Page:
Iben Insights

January 2015

The Twilight Zone  (PDF)

Please see Dave's latest commentary



October 2014

When Doves Cry (PDF)

June 2014

The Saddle Ridge Hoard (PDF)

December 2013

The Wizard of Oz (PDF)

In The Wizard of Oz, Chief Investment Officer Dave Iben discusses what investors, recognizing that “we aren’t in Kansas anymore”, should now do. Certainly, blindly following the route that worked in prior environments is far from guaranteed and could prove perilous. Kopernik Global Investors have some strong views and believe we see promising opportunities. The excerpts below illustrate how risky appearances can be reasonably safe:

  • U.S. stocks have become much more expensive relative to their intrinsic value compared to non-U.S. domiciled stocks. Utilities in the U.S. trade at 1.6 times book value, versus 0.33 in Russia and 0.21 in Brazil. Railroads trade between 2.5 and 5 times book value in U.S., versus less than 1.5 in Japan (post this year’s run-up) and 0.85 for our Chinese holding (also post run-up). Phone companies trade at 20 times earnings versus less than half that for similar companies in the growth economies. Farmland in Iowa trades at $7,000 per acre versus one-tenth that level for publicly traded farmland in Argentina, Brazil, Ukraine, Russia, and Southeast Asia.

  • A half-century ago, John Templeton, one of the great investors of all time, invested in Japan. He made a tremendous amount of money even as the U.S. market went down from 1966 through mid-1982. Where others saw risk, corruption, a war loser, and a maker of cheap goods, he saw a strong work ethic, a developing middle-class, high level of education, high savings rate, and a seriously undervalued stock market!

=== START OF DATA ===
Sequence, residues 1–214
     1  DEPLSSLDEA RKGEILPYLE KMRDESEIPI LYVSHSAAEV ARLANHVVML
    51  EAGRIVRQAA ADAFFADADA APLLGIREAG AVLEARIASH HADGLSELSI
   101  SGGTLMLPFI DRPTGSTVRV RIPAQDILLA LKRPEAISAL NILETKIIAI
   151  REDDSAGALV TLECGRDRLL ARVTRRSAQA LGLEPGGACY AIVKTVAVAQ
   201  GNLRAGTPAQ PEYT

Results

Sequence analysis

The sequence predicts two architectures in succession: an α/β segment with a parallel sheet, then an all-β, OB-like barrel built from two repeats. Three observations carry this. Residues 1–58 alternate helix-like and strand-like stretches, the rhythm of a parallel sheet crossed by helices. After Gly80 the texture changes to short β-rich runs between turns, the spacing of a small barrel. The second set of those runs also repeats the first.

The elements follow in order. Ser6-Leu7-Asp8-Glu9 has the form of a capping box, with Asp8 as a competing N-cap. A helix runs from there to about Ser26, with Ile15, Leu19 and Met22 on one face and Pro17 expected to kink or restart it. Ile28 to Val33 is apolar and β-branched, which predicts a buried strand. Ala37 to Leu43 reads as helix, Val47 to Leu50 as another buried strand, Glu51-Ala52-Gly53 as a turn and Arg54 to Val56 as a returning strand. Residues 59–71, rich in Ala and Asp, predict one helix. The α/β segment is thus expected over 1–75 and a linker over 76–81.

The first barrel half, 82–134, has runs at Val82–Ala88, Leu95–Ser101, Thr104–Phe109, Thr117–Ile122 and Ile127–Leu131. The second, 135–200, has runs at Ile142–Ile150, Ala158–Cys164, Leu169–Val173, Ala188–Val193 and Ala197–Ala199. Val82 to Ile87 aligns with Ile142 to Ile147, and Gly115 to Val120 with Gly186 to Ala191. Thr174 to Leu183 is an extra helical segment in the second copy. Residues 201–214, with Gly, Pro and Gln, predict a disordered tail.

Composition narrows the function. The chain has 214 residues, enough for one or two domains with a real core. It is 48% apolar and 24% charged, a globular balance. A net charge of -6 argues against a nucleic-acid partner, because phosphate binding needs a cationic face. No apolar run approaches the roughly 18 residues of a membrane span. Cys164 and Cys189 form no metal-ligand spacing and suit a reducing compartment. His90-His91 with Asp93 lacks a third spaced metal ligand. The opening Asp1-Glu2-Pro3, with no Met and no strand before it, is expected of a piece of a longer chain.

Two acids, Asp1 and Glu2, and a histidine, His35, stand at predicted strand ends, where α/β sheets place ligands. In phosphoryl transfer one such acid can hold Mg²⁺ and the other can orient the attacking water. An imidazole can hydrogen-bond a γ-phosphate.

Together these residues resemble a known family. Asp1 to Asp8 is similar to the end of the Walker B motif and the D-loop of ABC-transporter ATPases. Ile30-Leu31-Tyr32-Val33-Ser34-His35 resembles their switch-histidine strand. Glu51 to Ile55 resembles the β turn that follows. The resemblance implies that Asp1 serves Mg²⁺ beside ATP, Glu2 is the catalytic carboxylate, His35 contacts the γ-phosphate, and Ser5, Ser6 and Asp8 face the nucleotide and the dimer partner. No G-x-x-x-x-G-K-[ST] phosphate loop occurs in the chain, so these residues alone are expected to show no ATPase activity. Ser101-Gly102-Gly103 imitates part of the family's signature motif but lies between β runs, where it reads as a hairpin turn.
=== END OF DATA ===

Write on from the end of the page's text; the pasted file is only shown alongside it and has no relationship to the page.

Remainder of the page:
July 2013

My Fair Lady (PDF)

My Fair Lady, (MFL) has been reprised many times over the decades. It started as Pygmalion in London, later coming across the Pond as MFL, and as many versions continued to be cast on various stages throughout the world, it was adapted for film and became a popular, award winning movie. Therefore, it seems in the spirit of things to reprise my Commentary from four months ago. As with art, life tends to recast past dramas and present them as remarkable new things. Currently, we are told that quantitative easing takes us into uncharted waters when in fact it has occurred often, never ending well. We are told that high priced securities are not risky if volatility is low. They assure us that return on capital can remain at extremely high levels even while the cost of capital is pegged at much lower levels. Central planning is in vogue and free markets are passé. Many confuse crony-capitalism with free markets. They are very different. CPI, a tortured index of prices for consumer goods, adjusted and issued by government bureaucrats, is passed off as the way to measure inflation à la 1999, and so many times previously, many prefer a strong trend and a good story to tangible value. As during past episodes, for those who trust their own analysis and are students of history, this is an excellent opportunity to profit handsomely from the resultant market anomalies.